Another possible nudge towards reminding them who you are is to drop your advisors name I will be finishing my PhD with John Doe... This assumes they know your advisor better than you.
    – StrongBad
    Commented Feb 1, 2017 at 13:56
  • Even if the potential boss does not know "you" personally, they may know your supervisor or your collaborators, which is also a good starting point. Or someone in their lab may know you and give you a good recommendation. So, not knowing the potential boss personally is not a reason to not write them.
    – Alexey B.
    Commented Feb 1, 2017 at 14:02
  • 1
    @AlexeyB. No, but the mail needs to be different in this case. (also, if your supervisor knows the other person, let her/him put you in contact!)
    – xLeitix
    Commented Feb 1, 2017 at 14:29
  • "super-informal mail has the highest chance of actually being read" I agree! Sometimes it seems busy people read only as much as fits in the preview window of their mail software... This is exactly what my question was aiming at: too long might be worse than too short.
    – Lukas
    Commented Feb 2, 2017 at 12:09

If you know them on a “we recognize each other at conferences”-basis, I would recommend bringing the topic up at a conference. That is, if you plan to go to any conferences during this last year.

From personal experience, I can tell you that this works very well. In my case, my entry to the conversation was the fact that one professor introduced an upcoming project during his talk. After the talk I asked him pretty straight forward, whether he still needed postdocs for that. I also told him from the start that I did not know whether I really want to stay in academia and that I will postpone my career decisions until after my thesis was done, so I can focus on that first.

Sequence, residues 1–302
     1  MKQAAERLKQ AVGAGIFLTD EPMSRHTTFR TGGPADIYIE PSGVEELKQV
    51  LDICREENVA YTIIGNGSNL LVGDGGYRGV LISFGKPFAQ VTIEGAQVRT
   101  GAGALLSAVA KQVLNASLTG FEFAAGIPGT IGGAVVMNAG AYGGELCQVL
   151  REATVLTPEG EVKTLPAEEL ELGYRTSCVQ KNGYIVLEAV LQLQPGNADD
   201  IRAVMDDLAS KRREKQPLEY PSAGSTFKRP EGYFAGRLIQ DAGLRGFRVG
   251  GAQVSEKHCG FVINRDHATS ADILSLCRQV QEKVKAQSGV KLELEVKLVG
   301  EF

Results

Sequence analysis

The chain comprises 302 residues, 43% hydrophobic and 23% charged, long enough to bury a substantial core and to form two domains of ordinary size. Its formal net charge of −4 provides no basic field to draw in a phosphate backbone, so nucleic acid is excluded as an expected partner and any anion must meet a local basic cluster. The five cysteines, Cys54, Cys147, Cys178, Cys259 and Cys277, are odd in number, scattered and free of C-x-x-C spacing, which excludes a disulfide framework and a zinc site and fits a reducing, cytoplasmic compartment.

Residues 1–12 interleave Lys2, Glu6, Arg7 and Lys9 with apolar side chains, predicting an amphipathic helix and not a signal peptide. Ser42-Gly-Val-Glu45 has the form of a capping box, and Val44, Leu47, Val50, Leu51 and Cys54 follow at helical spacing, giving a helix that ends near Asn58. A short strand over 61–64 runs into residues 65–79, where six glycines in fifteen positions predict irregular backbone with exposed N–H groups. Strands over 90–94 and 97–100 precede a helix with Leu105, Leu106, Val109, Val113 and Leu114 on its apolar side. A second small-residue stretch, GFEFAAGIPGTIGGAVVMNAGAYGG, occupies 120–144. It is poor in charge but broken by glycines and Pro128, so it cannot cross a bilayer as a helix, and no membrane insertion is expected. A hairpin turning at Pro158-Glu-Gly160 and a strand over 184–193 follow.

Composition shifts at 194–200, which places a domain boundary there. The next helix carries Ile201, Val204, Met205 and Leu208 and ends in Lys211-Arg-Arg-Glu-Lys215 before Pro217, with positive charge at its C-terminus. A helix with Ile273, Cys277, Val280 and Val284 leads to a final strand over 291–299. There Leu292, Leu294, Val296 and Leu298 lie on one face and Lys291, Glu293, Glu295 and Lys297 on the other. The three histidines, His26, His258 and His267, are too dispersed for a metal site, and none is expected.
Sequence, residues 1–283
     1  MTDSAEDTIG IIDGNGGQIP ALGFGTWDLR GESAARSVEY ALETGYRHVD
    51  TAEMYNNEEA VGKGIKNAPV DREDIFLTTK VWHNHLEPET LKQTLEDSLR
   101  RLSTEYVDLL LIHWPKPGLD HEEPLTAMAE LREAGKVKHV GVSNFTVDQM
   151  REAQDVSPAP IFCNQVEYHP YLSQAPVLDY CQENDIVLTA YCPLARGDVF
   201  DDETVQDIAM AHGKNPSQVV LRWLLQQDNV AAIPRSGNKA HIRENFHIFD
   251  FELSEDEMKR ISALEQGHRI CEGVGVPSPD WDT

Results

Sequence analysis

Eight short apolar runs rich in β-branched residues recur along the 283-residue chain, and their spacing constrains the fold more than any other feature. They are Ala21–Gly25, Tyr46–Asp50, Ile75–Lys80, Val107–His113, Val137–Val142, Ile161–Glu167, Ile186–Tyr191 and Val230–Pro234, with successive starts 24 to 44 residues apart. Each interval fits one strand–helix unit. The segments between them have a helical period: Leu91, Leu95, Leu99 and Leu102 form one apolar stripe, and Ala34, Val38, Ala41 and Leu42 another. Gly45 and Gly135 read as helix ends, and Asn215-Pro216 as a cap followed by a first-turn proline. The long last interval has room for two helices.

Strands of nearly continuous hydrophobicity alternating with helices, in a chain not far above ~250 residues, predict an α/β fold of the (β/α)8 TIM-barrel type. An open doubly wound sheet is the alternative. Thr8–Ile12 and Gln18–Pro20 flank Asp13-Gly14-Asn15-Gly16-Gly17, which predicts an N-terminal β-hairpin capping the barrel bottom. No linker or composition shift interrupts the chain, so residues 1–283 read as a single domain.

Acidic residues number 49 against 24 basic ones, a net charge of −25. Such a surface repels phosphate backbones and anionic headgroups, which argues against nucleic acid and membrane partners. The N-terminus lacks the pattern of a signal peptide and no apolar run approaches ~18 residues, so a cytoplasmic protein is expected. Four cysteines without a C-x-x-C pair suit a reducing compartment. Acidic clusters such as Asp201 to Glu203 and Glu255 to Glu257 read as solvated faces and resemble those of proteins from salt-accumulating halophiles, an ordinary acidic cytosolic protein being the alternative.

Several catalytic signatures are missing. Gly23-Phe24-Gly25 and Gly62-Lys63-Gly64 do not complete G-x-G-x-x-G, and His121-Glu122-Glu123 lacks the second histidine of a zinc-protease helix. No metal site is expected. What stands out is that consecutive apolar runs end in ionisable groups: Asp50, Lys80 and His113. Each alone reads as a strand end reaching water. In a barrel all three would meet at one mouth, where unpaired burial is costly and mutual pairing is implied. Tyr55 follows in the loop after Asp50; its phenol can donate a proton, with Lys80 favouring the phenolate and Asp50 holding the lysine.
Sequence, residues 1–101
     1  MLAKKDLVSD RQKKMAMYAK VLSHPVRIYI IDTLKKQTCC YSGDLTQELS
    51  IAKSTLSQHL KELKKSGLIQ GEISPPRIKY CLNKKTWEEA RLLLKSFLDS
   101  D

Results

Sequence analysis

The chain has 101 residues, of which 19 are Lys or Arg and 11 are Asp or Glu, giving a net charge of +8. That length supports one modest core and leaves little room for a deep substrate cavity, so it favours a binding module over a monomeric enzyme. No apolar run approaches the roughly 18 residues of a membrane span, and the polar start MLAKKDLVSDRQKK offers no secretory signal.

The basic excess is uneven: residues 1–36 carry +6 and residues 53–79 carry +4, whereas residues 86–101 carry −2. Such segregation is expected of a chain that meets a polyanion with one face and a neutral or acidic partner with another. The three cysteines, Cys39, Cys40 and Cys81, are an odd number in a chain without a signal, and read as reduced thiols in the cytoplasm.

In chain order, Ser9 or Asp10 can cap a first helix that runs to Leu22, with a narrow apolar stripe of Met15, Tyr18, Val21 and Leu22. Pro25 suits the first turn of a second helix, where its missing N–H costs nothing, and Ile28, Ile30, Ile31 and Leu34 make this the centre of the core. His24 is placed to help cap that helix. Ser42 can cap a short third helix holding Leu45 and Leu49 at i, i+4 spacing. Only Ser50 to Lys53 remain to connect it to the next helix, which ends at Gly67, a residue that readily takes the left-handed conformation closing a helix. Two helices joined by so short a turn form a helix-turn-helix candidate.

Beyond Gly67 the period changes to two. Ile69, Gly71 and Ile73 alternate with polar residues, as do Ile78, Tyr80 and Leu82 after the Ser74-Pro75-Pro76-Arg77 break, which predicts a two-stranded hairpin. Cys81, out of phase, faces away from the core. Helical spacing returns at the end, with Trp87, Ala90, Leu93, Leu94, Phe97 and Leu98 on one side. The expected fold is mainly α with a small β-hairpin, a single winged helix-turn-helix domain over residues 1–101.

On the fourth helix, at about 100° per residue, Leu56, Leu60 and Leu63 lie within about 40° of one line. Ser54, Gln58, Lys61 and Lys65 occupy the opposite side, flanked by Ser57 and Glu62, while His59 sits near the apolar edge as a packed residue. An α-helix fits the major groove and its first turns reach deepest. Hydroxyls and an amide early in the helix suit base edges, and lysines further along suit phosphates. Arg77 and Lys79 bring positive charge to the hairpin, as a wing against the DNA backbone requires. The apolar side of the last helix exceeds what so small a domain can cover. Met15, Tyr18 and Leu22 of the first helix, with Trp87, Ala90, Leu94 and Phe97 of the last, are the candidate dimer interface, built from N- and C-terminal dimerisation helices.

Neither my informal approach, nor my insecurity about future plans seemed to have a negative impact, as he told me immediatley to apply for his group at any time, if I am interested. And he renembered the talk three months later, when I was done and applied in a formal way, including CV, and all the other stuff.

To sum up, I would recommend an informal first approach (in person if possible), and a formal application where you refer to the last meeting, once you are certain.

Edit in response to the comment: If you really intend to get the position, if they have one, I would suggest a rather informal test in the email, but attaching a formal application that contains your motivation, some bragging about why the professor should consider you for the job, and the other usual stuff ;)

If you are just scouting and are not sure whether you really will apply, even if there is an open position, I would keep it informal for now. You have still a year left for a concrete application afterwards. (For me, the time span between the actual application and starting the postdoc position was about two months. They would have taken me already after one month, but I needed time for moving.)

  • While this might be good advice in case the OP has plans to go to a conference where the person(s) in question will be, this does not really answer the question of how formal to be in an email. Commented Feb 1, 2017 at 10:54